We also have a symphony orchestra here in Big Spring that we have worked with for over forty years. We do advertising for the symphony, the rodeo and the Howard County Fair. Most of the big events here in town. Billboards and magazines. Just advertising in general.

Susan runs our advertising agency: Multi-Media Advertising. She is a better writer than I am, a better actor than I am and has a better sense of humor.  She just about outdoes me in every way.

Yes, I think that is true for each of us as far as our wives are concerned.

Question: You have done over 13,000 interviews to date. You have been doing this for over fifty years. I did a little calculating and that equates to two-hundred and sixty interviews per year. With that said, how many speaking engagements do you handle in an average year?

Oh, maybe eight to twelve. Here lately, with covid, it has only been two or three.

Question: With your previous and current schedule, how many miles would you estimate you drive in a given year?

Well, when I first started it was about 200,000 miles per year. Now, it is about 36,000-40,000 miles per year. Now when I first started, I would go to Amarillo and get one interview and then to Del Rio and get another. Now, I go to one place and get three to four. I have streamlined it a lot. It cuts down on the driving quite a bit. When I started, it was a great time to get started. My gosh. LBJ had just left the White House. I never interviewed him but I did send him an album I made. He sent me back a thank you response on how much he enjoyed it.

At that particular time, the Texas Chili Cultyure was emerging and the Texas Folklife Festival was just getting started. The Chili festival was in Terlingua and the Texas Folklife Festival was in San Antonio. The Hill Country was just brimming with these characters. I would go to the Folklife Festival and get twenty interviews. It was really easy. I would get a dozen or so interviews at the Chili Festival and capitalize on some of these state wide events. I got to interview some of Texas most prolific characters. Hondo Crouch, Ace Reid…….

Question: You got to interview Ace Reid?

Yes, many times. I practically lived with him when I was in the Hill Country. I stayed at his place. The Draggin S Ranch. He had a little office built over a stream and I would stay there. I never saw Ace stay there. I asked him where he did his “Cowpoke” cartoons. He laughed and said “I do them at 4:30 in the afternoon on my bed while watching “Hogan’s Heroes”.

I also interviewed Elmer Kelton. I was asked to do a eulogy when he passed but did not actually get to do it.

That alone is very big in itself. In 1995, Western Writers of America named him the “greatest Western author of all time.” 

Question: How many years have you and Susan been married?

We have been married 58 years. We were married August 26, 1963. We were married in El Paso. The next morning, we got on a train and went to Chihuahua, Mexico then went on down to Mazatlán, on the train.  

Question: Is it as safe today as it was then in Mexico?

Oh, we use to go down there every five years or so. Beautiful drive. If we got tired, we just pulled over and took a nap in the woods. I would not do that now, of course.

I went to school in Monterrey. I lived with a family there while in school. It was the summer of 1956 between my junior and senior years while I was at Baylor University. My college roommate and I went down there and lived with a family. We took a course in Spanish.

Question: Do you still speak Spanish?

I am not very good but I get by. Yes.

Question: If you could pick the top three interviews in your life that you remember the most, what would they be?

Ace Reid, Hondo Crouch and Hallie Stillwell (Justice of the Peace in Alpine, Texas) She was the matriarch of the Texas mountains. You might look her up. Of course, you know about Ace Reid. Hondo Crouch, he put Luckenbach, Texas on the map and had a lot of fun doing it.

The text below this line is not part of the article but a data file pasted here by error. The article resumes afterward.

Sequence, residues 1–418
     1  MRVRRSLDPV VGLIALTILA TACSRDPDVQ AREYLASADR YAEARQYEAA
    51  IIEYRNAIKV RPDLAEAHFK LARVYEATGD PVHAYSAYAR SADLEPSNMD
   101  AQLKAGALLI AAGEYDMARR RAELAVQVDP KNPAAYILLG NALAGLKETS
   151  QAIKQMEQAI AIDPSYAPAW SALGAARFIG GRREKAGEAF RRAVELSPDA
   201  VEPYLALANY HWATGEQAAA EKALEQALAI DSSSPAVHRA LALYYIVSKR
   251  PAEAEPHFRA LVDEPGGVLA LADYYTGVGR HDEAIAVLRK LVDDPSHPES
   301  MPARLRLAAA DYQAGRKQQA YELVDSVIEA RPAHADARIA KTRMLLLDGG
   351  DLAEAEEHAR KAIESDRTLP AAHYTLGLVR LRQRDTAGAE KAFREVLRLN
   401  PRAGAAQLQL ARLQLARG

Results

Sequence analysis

Question: Is he the person that had the beer-drinking goat?

No, that is in Lajitas.

Question: Have you met that goat?

Oh yes. Many times. Clay Henry is his name. He stayed at the General Store.

Question: You live in a lovely area with a good view. Who picks out your yard-mowing outfits?

Well, I do. I have not needed them lately. I just mowed it a week ago.

Question: I have been wondering about that. You showed up for my interview at the Heritage Museum in a pair of the ugliest, lime green shorts I have ever seen. They were so bright, I had to put my sun glasses on. You wore them very boldly. I told my wife you were not remotely embarrassed in wearing them. I was just curious if Susan picked them out for you.

Laughter. The mosquitos have been so bad lately, I have not worn them. I do pick them out though.

Question: You wrote “Under the Chinaberry Tree”. How would you describe this book?

It is book of East Texas folk lore. The title came from my mother and her sisters. She and her sisters used to sit and shell peas under a chinaberry tree at Aunt Hattie’s place near Canton. The ground was as hard as a rock under that tree. They use to sweep it with a branch off of the tree to keep the snakes out and everything. They would sit under that tree in the shade, shell peas and gossip.

Question: Did you ever participate in the pea-shelling?

Oh sure. Also, I picked cotton for about three minutes. I shelled more peas than I snapped.

You said you picked cotton for about three minutes. I hoed cotton for a man here in Big Spring for $1.00 an acre. He went to the field with us the next morning. “How far did you boys get”? I pointed to a row and indicated we got to about there. He walked with his hoe in the cotton and gently moved the leaves aside to reveal the tiny careless weeds that had just began to sprout. “These make big weeds. Let’s hoe this again.” The other two boys quit. I needed the money and stayed on. Needless to say, it was a painful lesson walking in the same tracks you walked in the day before. I did learn a great lesson though. My first check was $25. I went to Montgomery Ward and bought a pair of shoes, socks, pants, belt and a shirt that did not match well. I wore them to church. My wife still remembers how bad I looked.